Summer Robotics Project #4 – LCD Display

As mentioned in yesterday’s blog post, due to difficulties we faced with the Banebot wheel kit, we were unable to mount the wheels onto the motor shaft, and, as a result, we’re currently unable to test the motors properly.

Whilst waiting for replacement screws for the Banebot wheel hubs, we decided to test the LCD display and the compass module. We started with the 16×2 LCD display which we purchase from On the webpage itself, we found a quick start guide which contained a wiring guide (below), that we used to wire up the LCD to the Arduino.

Circuit Guide

The connections were fairly straight forward, and running the LCD was even more simple. The Arduino IDE comes with a few example sketches under LiquidCrystal, making it easy to test the LCD display. The sketches are quite straight forward, with comments to help you along the way, and can also be easily modified.

After successfully running the LCD display off the Arduino UNO, we wanted to try this on the Raspberry Pi as well, after which we would decide which platform to connect the LCD too on the robot. Shortly after receiving our Raspberry Pi Model 2 kits from Vilros (about £57), we configured the OS and also tried out Blink. This sketch which is easy to put together on Arduino, proved to be a bit more difficult on the Raspberry Pi. The code itself was quite straightforward, similar to that of the Arduino sketch, and so was the circuit. However running the code we used seemed to crop up some errors, which we troubleshooted using websites such as Stack Overflow. As you can see below, the code to turn on the LED is written as:

import RPi.GPIO as GPIO ## Import GPIO library
GPIO.setmode(GPIO.BOARD) ## Use board pin numbering
GPIO.setup(7, GPIO.OUT) ## Setup GPIO Pin 7 to OUT
GPIO.output(7,True) ## Turn on GPIO pin 7

Instead, we used try: except:, which seemed to get us out of, what seemed like, a never-ending loop of errors. We then continued to modify the code in Python to make the LED blink.

Due to finding Blink difficult to run on the Raspberry Pi, and also due to our lack of experience with the micro-computer, we were a bit skeptical about connecting the LCD display to the Pi. Regardless, we tried it out anyway. The connections were very similar to that of the Arduino, so connecting up the LCD display to the Pi was easily done, and we used a diagram showing the different pins on the Pi to help. The code was a bit more complicated this time round. However, we were able to download it directly through the Pi and should have been able to run them through the terminal. But this was easier said than done. The sudo command would not work, and we weren’t able to run the code directly off Python either. We tried a different code, and this time it would run but various connection errors would be shown on the Python Shell. After trying a few times, we decided that we wouldn’t linger on this much longer, and that we would connect the LCD to the Arduino instead.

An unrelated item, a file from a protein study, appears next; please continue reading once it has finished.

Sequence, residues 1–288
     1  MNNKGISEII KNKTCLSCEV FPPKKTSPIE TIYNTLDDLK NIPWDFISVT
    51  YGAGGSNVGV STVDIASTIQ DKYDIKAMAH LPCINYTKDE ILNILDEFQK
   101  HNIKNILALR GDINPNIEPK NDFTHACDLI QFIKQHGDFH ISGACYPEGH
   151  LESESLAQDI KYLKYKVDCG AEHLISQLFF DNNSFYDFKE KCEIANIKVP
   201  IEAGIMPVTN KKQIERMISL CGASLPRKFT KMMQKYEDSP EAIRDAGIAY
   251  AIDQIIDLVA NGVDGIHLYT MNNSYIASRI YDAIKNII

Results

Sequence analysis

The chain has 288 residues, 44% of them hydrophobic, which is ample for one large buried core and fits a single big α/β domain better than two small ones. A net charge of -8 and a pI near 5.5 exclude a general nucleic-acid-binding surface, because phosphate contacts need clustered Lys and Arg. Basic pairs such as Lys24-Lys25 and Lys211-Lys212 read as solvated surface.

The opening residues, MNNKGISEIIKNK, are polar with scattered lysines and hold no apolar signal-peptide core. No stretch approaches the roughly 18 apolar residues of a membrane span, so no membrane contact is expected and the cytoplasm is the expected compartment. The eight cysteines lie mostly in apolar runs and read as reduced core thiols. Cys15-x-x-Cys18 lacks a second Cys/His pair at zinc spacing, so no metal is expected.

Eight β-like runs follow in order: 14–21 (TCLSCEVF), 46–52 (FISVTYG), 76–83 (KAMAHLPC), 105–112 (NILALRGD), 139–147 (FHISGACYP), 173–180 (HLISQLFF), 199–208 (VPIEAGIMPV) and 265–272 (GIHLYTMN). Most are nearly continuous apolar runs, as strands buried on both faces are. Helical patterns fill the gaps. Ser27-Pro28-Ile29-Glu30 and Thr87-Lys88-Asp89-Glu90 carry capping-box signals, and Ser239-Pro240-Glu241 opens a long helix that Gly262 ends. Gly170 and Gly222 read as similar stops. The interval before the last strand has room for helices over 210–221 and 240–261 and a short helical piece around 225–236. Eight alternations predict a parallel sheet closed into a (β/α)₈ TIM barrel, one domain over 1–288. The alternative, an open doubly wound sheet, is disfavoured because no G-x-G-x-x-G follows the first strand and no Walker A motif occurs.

Our next step was to get the LCD to serial print values from external components. We first tried out the HCSR04 ultrasonic sensor. We first connected the ultrasonic sensor, and ran Ping, on the Arduino IDE, to test the output on the serial monitor. Once we were satisfied with the output, we inserted the following parts from the LiquidCrystal > HelloWorld code into Ping:

// include the library code:
  #include <LiquidCrystal.h>
// initialize the library with the numbers of the interface pins
  LiquidCrystal lcd(12, 11, 5, 4, 3, 2);
void setup() {
  // set up the LCD's number of columns and rows:
  lcd.begin(16, 2);
  // Print a message to the LCD.
  lcd.print("hello, world!");

We then proceeded to change all the Serial.println() functions in the Ping sketch to lcd.print(). (The LiquidCrystal library doesn’t seem to have a .println() function). We ran the code and successfully got the LCD display to display the values being read by the sensor.

But, on second thoughts, we realised that, though this may be useful for testing the accuracy of the sensor, it may be more useful to print values from the compass module instead. As this post is starting to get quite long, I will talk more about this in tomorrow’s blog post.


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